Paulie’s in Montrose has been a Houston neighborhood staple for years. With its homemade pastas, reasonable prices and friendly counter service, Paul Petronella’s namesake restaurant is beloved among Houstonians. This April, the restaurant celebrated its 20th anniversary with a party and the release, in January, of Petronella’s book, “Paulie's: Classic Italian Cooking in the Heart of Houston's Montrose District.”
Petronella has been running the restaurant since 2009, when he took it over from his parents. In 2013, he opened Camerata, a wine bar adjacent to the restaurant. He took some time to chat with us about the book, Paulie’s and where he likes to eat and drink in Houston.
What led you to want to write a book about your family history and recipes? I understand it's not a cookbook per se, but more like a memoir with recipes.
It's a story book that has recipes kind of sprinkled in as you read through the story. Paulie's is 20 years old this year in April, so I wanted to do something substantial to celebrate that. It's difficult to stay relevant in the restaurant business. It's easy to be exciting when you're new and fresh, but it's just a staple I want to introduce to the city and make sure that we're still around for a couple more years. I thought a book that had a story of how we started, some of our family history and some of our recipes would be a good way to do that.
Being open for 20 years isn't an easy feat in the restaurant business. What do you attribute that success to?
For us personally, it took two generations. My parents had been in the restaurant business. It's all I really knew. Neither one of them had formal educations, they grew up working at family restaurants...so they just accumulated all their experiences. By the time they got to open Paulie's, they were well into their forties, fast forward 10, 11 years later, now they're in their fifties and they're tired. You know, I was in my early thirties. I'm really getting into career mode wanting to make a name for myself somehow and I thought this would be a good opportunity to let them lay back and retire and then see what I could do to the business.
Aside from that, is there anything particular – your staff or the way you run business that you think has helped you stay?
Definitely our staff. We still have people who have been here for 15 plus years. One woman, Maria, specifically was with my stepmother before we opened Paulie's, so she's been here really longer than I have. The staff in our kitchen has very minimal turnover. We've created a family back there, and so that's what really helps keep our food consistent, you know, really the same people doing it all the time. We have a guest who's been coming for 20 years, so we've been lucky to have a really loyal customer base and I think they're happy to see the same employees in our restaurant. That means we must be doing something right.
You wrote in your book that even though you grew up in restaurants, you never really saw it as a career path for you. What made you change your mind?
Well, it was kind of twofold. It was time for my parents to retire. They were trying to open more locations and it was more work than they thought – it was just crushing them. So I was happy to come back and let them retire and it offered me an opportunity to find a place for my own voice. But I think that when I started working with the kitchen, that's what I enjoyed and I liked it. I knew basic Italian cooking from just growing up in my family's kitchen, my grandmother's kitchen, but working on the line in this kitchen will make a warrior out of anyone. It’s so small and we just pump out so much food in this tiny little area and you have to be extremely efficient. I got my butt kicked everyday - we all did, but at the end of the day it was like, man, we owned it. That was a really great feeling.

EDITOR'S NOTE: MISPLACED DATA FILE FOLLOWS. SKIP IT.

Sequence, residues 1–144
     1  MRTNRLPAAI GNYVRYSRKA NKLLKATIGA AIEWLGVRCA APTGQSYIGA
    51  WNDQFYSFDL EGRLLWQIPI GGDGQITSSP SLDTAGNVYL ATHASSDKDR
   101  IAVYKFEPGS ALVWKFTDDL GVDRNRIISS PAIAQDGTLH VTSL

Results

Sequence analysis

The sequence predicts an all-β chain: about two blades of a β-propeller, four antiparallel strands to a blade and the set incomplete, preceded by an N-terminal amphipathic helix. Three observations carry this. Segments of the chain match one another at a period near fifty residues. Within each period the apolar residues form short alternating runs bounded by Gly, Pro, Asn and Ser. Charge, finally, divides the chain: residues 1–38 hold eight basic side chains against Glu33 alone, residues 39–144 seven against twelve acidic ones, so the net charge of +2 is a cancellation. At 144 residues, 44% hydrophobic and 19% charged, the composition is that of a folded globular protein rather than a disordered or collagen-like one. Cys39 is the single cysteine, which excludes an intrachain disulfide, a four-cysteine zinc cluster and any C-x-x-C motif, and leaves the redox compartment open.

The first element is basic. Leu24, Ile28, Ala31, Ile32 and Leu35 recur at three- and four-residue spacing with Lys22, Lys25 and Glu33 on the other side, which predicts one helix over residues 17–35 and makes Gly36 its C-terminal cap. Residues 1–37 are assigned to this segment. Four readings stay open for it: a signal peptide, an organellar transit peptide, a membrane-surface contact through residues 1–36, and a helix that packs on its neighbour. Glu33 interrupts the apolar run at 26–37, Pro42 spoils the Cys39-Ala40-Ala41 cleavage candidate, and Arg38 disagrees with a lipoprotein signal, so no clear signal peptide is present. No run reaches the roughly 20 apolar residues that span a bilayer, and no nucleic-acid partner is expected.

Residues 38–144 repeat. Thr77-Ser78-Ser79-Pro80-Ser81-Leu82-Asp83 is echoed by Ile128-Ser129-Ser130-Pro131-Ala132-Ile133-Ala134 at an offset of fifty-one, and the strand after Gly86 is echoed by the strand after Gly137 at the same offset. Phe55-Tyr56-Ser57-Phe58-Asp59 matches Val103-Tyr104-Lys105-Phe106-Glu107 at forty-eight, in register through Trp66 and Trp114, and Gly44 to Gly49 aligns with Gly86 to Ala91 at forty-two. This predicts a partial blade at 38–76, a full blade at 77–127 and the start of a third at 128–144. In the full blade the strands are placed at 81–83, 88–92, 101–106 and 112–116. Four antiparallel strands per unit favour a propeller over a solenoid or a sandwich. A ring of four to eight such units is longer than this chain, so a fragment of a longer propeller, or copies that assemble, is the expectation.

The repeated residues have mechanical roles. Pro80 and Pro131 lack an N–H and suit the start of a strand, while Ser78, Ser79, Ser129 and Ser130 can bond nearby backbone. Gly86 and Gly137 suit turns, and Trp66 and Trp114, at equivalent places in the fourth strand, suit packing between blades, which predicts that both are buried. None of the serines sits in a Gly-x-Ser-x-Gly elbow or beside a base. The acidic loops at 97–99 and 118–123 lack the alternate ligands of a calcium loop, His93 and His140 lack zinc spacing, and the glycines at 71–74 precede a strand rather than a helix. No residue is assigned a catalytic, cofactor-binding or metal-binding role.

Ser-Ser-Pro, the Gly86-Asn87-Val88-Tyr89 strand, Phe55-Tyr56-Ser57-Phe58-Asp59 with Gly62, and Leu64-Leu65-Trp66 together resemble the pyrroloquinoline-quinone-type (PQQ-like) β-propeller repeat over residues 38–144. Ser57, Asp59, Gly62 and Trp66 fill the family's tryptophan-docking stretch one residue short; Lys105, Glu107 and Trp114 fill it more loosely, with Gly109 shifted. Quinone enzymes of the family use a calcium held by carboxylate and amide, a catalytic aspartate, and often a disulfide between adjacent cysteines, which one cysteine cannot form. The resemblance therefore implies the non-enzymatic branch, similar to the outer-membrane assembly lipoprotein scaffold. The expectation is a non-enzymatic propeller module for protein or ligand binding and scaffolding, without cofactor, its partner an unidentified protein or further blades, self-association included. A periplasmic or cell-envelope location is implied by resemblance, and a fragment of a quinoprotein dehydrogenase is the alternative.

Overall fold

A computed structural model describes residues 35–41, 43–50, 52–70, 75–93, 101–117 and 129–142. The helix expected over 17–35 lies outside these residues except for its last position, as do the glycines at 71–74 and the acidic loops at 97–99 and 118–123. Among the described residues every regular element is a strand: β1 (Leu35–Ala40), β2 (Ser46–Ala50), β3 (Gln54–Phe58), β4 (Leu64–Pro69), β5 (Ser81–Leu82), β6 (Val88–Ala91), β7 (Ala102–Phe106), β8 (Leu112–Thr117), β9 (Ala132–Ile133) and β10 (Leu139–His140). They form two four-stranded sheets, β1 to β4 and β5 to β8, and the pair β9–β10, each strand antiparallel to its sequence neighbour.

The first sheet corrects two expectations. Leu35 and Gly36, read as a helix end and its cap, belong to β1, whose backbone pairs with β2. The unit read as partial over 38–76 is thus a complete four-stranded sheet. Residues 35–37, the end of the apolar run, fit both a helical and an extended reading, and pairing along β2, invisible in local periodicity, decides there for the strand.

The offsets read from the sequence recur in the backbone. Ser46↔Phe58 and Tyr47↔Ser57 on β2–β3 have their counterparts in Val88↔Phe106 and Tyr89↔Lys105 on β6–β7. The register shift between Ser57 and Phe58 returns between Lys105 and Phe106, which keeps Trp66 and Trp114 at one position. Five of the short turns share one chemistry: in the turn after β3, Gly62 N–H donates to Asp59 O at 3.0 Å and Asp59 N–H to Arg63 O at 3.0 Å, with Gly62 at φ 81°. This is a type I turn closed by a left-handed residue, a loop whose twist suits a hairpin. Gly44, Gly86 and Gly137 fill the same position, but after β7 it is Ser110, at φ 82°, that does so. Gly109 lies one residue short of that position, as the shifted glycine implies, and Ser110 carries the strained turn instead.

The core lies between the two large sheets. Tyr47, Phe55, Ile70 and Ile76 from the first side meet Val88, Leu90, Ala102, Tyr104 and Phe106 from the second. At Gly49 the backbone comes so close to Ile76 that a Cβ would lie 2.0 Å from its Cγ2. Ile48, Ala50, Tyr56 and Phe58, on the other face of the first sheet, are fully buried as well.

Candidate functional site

How would you describe Paulie's to somebody who hasn't dined there?
I'm really big into under promising and over delivering so I don't really hype up our restaurant. I describe it exactly how it is, and that's a counter service, Italian family restaurant. When you come in with mediocre expectations and then dine and realize that it's really great food and really great service, that everything's made to order, that there's even a great coffee program, and there's desserts that you have to have when you leave ... I'd rather people have kind of that feeling as they leave, as opposed to maybe ‘you have to check out Paulie's, it's been around for 20 years, they do amazing food and they come in like, it's counter service.’ So I kind of lay low when I describe it, hoping that you'll leave with higher expectations than you came in with.
Where would you take someone visiting Houston for good food and drink?
I spend a lot of time in coffee shops. David Buehrer is one of my really good friends and he's continuously opening more coffee shops around town and a couple of them have kitchens. Blacksmith is a great place to have coffee and also get something to eat. I would take them to Coral Sword, David [Buehrer]’s new coffee-slash-gaming shop. There's board games and video games galore all through this place and people are just showing up to play board games, which is kind of refreshing to me since everything is so electronic and instant gratification that board games are still a thing. They serve Greenway-quality coffee and pizza and other foods. For a nice dinner, I would take them to Justin Yu’s Theodore Rex. For cocktails, I think Anvil has been the standard for as long as I've been on Westheimer.
Thank you so much, Paul!
Want to try one of Petronella’s recipes at home? Check out his recipe for Cuccidati Cookies.